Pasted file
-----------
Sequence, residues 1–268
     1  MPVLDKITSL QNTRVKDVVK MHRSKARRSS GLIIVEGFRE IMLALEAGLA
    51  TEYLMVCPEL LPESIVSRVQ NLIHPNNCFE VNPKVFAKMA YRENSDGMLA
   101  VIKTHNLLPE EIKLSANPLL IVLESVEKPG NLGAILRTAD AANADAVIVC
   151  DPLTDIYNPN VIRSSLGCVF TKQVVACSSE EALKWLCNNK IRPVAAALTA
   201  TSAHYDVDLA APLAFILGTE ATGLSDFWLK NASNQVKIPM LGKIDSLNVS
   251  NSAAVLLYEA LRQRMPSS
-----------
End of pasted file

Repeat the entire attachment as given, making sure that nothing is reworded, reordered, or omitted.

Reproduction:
Sequence, residues 1–268
     1  MPVLDKITSL QNTRVKDVVK MHRSKARRSS GLIIVEGFRE IMLALEAGLA
    51  TEYLMVCPEL LPESIVSRVQ NLIHPNNCFE VNPKVFAKMA YRENSDGMLA
   101  VIKTHNLLPE EIKLSANPLL IVLESVEKPG NLGAILRTAD AANADAVIVC
   151  DPLTDIYNPN VIRSSLGCVF TKQVVACSSE EALKWLCNNK IRPVAAALTA
   201  TSAHYDVDLA APLAFILGTE ATGLSDFWLK NASNQVKIPM LGKIDSLNVS
   251  NSAAVLLYEA LRQRMPSS